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ERIC Number: ED207730
Record Type: Non-Journal
Publication Date: 1981-May
Pages: 24
Abstractor: N/A
Bilingual Education and Affective Outcomes: The Past Ten Years and the Mexican American Experience.
Felice, Lawrence G.
A review of research literature on whether Spanish bilingual, bicultural programs enhance self-concept and whether any relationship exists between enhanced self-concept and improved academic achievement also describes research problems and potential solutions. Theories of importance of self-concept as a determinant of achievement, particularly with minority/bilingual students, are briefly covered. Research findings are presented on whether self-concept improvements lead to improved achievement (result: self-concept and achievement appear so interdependent that precise relationships are difficult to distinguish) and whether bilingual programs enhance self-concept of Mexican Americans, as well as whether Mexican American students need to have their self-concepts enhanced (results: effects of bilingual programs in improving self-concept have been mixed; Mexican Americans do not have poor self-concept). Problems contributing to the mixed results are listed: lack of agreement on appropriate measures of student affect; varying definitions and measures of self-concept; differing definitions of bilingual education and lack of equivalence between bilingual programs being compared; researchers' attempts to prove qualitative affective changes by using data from short-term quantitative studies; and schools' use of a meritocracy ideology to validate maintenance of social inequality. Potential solutions are given: rediscovery of the validity and importance of qualitative research, and redirection of evaluation by recognizing differing cognitive styles. (MH)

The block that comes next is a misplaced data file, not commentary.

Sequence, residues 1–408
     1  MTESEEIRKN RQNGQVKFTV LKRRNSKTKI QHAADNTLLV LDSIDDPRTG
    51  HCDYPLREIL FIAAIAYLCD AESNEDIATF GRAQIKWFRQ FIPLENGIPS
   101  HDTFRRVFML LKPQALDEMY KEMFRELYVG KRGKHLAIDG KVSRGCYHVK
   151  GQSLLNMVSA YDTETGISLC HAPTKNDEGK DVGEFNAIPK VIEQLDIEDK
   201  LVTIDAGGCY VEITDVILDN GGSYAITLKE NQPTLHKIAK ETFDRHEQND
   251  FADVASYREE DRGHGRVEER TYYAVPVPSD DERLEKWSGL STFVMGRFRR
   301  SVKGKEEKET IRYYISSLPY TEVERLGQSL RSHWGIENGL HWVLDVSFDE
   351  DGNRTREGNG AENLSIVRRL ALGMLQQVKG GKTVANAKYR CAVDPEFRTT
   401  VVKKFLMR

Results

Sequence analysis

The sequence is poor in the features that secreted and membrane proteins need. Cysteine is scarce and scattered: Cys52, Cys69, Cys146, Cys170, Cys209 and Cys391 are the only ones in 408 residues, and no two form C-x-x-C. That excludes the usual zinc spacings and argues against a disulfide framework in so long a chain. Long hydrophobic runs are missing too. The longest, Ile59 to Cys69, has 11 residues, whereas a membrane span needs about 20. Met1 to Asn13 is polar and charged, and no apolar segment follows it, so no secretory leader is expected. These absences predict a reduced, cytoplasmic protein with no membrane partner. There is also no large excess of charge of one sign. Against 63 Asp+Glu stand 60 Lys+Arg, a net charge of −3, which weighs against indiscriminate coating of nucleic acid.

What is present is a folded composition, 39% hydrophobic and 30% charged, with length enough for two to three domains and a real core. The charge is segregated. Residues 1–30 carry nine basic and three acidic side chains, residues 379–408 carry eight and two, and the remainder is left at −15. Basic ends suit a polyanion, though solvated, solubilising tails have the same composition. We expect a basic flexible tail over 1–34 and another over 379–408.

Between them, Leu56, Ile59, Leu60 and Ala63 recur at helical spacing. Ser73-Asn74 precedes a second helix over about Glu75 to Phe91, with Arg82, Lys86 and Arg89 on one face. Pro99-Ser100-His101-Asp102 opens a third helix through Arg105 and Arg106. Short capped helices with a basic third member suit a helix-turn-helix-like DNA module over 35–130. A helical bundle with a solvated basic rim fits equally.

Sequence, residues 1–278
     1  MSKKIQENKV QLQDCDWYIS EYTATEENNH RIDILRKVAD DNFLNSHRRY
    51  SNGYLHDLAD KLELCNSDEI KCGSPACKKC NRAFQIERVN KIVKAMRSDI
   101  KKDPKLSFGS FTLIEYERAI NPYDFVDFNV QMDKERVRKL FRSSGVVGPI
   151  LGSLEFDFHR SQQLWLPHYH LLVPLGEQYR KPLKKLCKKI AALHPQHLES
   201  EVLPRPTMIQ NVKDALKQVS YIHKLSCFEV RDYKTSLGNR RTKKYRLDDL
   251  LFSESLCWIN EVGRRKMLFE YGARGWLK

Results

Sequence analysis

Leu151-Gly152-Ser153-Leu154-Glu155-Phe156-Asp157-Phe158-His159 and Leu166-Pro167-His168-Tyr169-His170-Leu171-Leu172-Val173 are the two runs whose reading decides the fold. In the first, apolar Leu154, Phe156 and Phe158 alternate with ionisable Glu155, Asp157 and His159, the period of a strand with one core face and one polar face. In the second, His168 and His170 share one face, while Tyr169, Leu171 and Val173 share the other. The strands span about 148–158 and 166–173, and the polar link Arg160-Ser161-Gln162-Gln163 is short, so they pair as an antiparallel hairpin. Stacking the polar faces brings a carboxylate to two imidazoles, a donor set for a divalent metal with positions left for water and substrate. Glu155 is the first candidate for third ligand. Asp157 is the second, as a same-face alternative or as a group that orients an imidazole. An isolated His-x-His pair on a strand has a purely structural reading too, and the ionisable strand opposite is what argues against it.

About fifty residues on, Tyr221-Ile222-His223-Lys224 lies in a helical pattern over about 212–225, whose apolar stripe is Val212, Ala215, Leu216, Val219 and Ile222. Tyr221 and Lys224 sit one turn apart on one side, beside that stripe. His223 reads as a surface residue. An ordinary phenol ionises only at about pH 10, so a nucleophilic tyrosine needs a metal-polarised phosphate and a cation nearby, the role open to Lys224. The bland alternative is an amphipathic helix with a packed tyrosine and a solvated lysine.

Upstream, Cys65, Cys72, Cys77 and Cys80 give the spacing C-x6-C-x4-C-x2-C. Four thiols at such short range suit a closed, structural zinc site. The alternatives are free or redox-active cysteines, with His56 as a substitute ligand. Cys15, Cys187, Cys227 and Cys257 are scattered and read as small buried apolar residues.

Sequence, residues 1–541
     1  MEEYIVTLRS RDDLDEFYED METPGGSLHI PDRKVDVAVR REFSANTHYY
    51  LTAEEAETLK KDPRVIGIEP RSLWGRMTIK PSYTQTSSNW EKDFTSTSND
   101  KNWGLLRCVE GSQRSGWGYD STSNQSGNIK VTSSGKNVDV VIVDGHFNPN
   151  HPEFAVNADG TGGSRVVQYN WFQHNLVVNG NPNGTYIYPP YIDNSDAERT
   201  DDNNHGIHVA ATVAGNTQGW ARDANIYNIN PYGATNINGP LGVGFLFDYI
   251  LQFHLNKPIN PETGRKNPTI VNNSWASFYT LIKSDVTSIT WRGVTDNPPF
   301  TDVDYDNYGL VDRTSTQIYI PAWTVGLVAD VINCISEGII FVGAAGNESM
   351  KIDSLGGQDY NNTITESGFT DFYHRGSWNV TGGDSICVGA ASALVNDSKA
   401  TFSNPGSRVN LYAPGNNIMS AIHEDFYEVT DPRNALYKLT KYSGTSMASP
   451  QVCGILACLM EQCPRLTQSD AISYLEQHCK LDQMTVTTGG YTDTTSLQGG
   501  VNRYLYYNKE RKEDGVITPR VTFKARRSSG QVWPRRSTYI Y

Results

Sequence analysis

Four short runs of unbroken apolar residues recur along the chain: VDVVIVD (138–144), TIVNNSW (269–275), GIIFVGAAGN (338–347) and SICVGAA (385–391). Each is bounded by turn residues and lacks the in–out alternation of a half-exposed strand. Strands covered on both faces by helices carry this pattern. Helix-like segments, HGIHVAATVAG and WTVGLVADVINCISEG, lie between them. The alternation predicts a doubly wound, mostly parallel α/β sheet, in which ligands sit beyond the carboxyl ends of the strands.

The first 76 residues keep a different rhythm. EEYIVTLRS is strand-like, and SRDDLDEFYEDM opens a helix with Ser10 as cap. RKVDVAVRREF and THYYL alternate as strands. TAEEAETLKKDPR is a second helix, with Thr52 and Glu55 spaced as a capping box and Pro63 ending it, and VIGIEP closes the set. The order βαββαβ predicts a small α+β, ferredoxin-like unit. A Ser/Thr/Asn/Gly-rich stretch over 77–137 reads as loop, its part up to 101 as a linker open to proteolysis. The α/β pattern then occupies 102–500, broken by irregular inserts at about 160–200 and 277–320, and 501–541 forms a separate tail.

Publication Type: Information Analyses; Speeches/Meeting Papers
Education Level: N/A
Audience: N/A
Language: English
Sponsor: N/A
Authoring Institution: N/A